What are cookies and pixel tags?
Cookies are small amounts of data that are created in your web browser’s temporary files folder and stored on your device. Cookies enable you to use e-commerce sites and to personalise your experience. This is not harmful. If you continue without changing your settings, we’ll assume that you are happy to receive all cookies on the National Trust for Scotland website.
A pixel tag is an invisible tag placed on certain pages of our website but not on your computer. When you access these pages, pixel tags generate a generic notice of that visit. They usually work in conjunction with cookies, registering when a particular computer visits a particular page. If you turn off cookies the pixel tag will simply detect an anonymous website visit.
We use Google Analytics to analyse the use of the National Trust for Scotland website. Google Analytics data is anonymous and aggregated. This means that it cannot be used to track you in any way or personally identify you.
We also do not, under any circumstances, pass on or sell any data we collect either from Google Analytics or filled-in contact forms.
Cookies used by the National Trust for Scotland
We will send to you the following cookies:
|Cookie Type||Cookie Use||Strictly Necessary||Consent Required|
|Session||An essential cookie ‘PHPSESSID’ is produced by server functionality, which tracks the current session ID and only lasts as long as the browser is open / session hasn’t timed out.||Yes||No|
The following table lists the type of information that is obtained via our Google Analytics cookies and used in Analytics reports.
|Functionality||Description of Cookie||Cookie Used|
|Setting the Scope of Your Site Content||Because any cookie read/write access is restricted by a combination of the cookie name and its domain, default visitor tracking via Google Analytics is confined to the domain of the page on which the tracking code is installed. For the most common scenario where the tracking code is installed on a single domain (and no other sub-domains), the generic set up is correct. In other situations where you wish to track content across domains or sub-domains, or restrict tracking to a smaller section of a single domain, you use additional methods in the ga.js tracking code to define content scope.||All Cookies|
|Determining Visitor Session||The Google Analytics tracking for ga.js uses two cookies to establish a session. If either of these two cookies are absent, further activity by the user initiates the start of a new session. This description is specific to the ga.js tracking code for web pages. If you use Analytics tracking for other environments—such as Flash or mobile—you should check the documentation for those environments to learn how sessions are calculated or established.||__utmb __utmc|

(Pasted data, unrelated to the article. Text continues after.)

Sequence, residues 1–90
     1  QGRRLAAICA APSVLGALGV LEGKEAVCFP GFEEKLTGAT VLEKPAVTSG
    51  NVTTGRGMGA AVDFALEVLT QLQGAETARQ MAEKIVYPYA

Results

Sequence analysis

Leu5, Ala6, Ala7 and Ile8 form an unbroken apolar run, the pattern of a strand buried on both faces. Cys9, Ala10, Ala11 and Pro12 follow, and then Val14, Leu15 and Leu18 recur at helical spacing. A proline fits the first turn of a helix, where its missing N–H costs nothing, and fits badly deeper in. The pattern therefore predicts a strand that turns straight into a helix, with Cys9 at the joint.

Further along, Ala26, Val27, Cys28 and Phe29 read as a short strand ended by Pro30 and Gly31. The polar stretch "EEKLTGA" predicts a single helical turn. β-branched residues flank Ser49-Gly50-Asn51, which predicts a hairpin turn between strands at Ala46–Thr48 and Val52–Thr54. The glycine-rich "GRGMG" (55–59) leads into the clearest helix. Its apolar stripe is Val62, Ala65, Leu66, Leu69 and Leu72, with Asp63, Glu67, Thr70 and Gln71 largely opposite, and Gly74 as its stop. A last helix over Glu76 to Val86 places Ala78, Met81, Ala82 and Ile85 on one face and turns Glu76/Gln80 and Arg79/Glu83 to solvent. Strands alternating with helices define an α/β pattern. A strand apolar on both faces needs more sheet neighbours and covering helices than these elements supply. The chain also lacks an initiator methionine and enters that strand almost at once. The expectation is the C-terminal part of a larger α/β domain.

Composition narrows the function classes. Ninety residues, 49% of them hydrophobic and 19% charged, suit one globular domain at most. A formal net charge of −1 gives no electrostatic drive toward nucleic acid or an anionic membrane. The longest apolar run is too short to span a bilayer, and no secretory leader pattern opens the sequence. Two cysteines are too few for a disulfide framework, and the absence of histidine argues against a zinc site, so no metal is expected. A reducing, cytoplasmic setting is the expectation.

|Identifying Unique Visitors||Each unique browser that visits a page on your site is provided with a unique ID via the __utma cookie. In this way, subsequent visits to your website via the same browser are recorded as belonging to the same (unique) visitor. Thus, if a person interacted with your website using both Firefox and Internet Explorer, the Analytics reports would track this activity under two unique visitors. Similarly if the same browser were used by two different visitors, but with a separate computer account for each, the activity would be recorded under two unique visitor IDs. On the other hand, if the browser happens to be used by two different people sharing the same computer account, one unique visitor ID is recorded, even though two unique individuals accessed the site.||__utma|
|Tracking Traffic Sources & Navigation||When visitors reach your site via a search engine result, a direct link, or an ad that links to your page, Google Analytics stores the type of referral information in a cookie. The parameters in the cookie value string are parsed and sent in the GIF Request (in the utmcc variable). The expiration date for the cookie is set as 6 months into the future. This cookie gets updated with each subsequent page view to your site; thus it is used to determine visitor navigation within your site.||__utmz|
|Custom Variables||You can define your own segments for reporting on your particular data. When you use the setCustVar() method in your tracking code to define custom variables, Google Analytics uses this cookie to track and report on that information. In a typical use case, you might use this method to segment your website visitors by a custom demographic that they select on your website (income, age range, product preferences).||___utmv|